by Rabbi Cantor Russell Jayne
(Calgary) – The Hebrew month of Elul commenced this year on August 28th. According to our tradition, this month began an intense period of introspection and repentance that will conclude with the intensely moving (and exhausting) service of Neilah at the conclusion of Yom Kippur. For many of us, the process of teshuvah (returning both to God and to our authentic selves) is not an easy one. Yet, it is the raison d’etre for the upcoming High Holidays, and the more we take its call seriously the more we will benefit from its spiritual rewards.
In light of what is at stake as we prepare for our New Year encounter with the Divine, I would like to share with you the following Hassidic story. It was told by Reb Chaim Halberstam of Zanz to help his disciples prepare for the Ten Day of Repentance and its goals of teshuvah (repentance) and tikkun (repair).
“Once a woman became lost in a dense forest. She wandered this way and that in the hope of stumbling on a way out, but she only got more lost as the hours went by. Then she chanced upon another person walking in the woods. Hoping that he might know the way out, she said, ‘Can you tell me which path leads out of this forest?’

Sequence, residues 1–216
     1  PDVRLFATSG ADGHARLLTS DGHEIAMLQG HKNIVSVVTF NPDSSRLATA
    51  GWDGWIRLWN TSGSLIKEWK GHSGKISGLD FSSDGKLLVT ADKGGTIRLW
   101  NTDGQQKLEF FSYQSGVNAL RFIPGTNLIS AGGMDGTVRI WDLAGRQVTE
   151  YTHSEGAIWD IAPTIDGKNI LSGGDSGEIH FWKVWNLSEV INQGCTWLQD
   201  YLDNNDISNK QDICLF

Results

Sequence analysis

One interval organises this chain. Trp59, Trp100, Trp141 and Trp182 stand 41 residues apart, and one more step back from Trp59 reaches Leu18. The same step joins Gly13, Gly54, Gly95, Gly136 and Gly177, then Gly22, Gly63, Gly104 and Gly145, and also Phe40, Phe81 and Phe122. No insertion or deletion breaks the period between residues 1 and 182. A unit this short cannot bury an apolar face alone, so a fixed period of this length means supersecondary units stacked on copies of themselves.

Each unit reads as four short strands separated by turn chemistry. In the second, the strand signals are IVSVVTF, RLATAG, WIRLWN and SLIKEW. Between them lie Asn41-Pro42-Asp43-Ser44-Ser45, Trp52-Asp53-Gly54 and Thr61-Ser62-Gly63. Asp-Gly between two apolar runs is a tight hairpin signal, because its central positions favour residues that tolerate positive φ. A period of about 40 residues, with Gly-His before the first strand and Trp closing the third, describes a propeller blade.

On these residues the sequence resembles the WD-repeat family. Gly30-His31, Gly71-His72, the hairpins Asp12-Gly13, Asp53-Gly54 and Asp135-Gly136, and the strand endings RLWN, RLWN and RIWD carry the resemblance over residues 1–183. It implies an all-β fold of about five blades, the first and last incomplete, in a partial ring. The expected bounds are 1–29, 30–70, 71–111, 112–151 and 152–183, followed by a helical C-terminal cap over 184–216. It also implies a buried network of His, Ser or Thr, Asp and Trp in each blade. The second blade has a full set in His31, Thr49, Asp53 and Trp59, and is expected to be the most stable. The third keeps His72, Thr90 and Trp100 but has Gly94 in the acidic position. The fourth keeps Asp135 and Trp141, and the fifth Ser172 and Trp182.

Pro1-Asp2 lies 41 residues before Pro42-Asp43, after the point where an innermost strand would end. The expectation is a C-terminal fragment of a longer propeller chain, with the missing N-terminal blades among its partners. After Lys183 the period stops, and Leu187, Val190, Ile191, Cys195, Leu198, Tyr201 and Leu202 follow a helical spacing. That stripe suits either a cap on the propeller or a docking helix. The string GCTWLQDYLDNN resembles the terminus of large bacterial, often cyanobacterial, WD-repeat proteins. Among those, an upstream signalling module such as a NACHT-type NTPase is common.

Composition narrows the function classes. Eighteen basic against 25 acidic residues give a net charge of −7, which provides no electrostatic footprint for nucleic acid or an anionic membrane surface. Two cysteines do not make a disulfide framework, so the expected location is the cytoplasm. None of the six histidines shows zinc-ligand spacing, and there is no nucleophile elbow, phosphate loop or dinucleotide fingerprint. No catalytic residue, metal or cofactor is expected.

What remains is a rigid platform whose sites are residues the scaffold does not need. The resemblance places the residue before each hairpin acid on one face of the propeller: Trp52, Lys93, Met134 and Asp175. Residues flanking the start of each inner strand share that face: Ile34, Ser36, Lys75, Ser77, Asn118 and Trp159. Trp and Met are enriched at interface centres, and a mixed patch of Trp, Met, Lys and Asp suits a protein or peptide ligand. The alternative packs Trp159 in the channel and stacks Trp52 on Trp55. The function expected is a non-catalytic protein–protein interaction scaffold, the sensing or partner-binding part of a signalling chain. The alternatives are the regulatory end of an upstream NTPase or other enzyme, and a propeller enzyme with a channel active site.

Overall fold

‘You have wandered in one part of the woods,’ the woman said, ‘while I have been lost in another. Together we may not know the way out, but we know quite a few paths that lead nowhere. Let us share what we know of the paths that fail, and then together we may find the one that succeeds.’
‘What is true for these lost wanderers,’ Reb Chaim said, ‘is true of us as well. We may not know the way out, but let us share with each other the ways that have only led us back in.’”
As I reflect on this story, I am in awe of what a remarkable heritage we have been bequeathed; and what makes it so radical, so deep, is that at its core, our tradition believes that human beings are capable of profound change. That we have the capacity to mend our ways, to break the cycles of error and disfunction, and together, help each other lead better fuller lives in service to something much larger than our own selfish wants and desires. Therefore, let us take these exquisitely precious days to examine our lives and repair what needs to be mended not just on an individual level, but also as a community that has shared so many aspects of a common journey, together.
Together we are strong. Together we can help each other find the path out of any problem and surmount any obstacle. Together we can reach our goal of standing before the Divine with both confidence and joy, having returned to what truly matter to ourselves, our community, our world, and our God.
May we all be inscribed for life, together!
Rabbi Cantor Russell Jayne is spiritual leader and Kol Bo at Beth Tzedec Congregation in Calgary.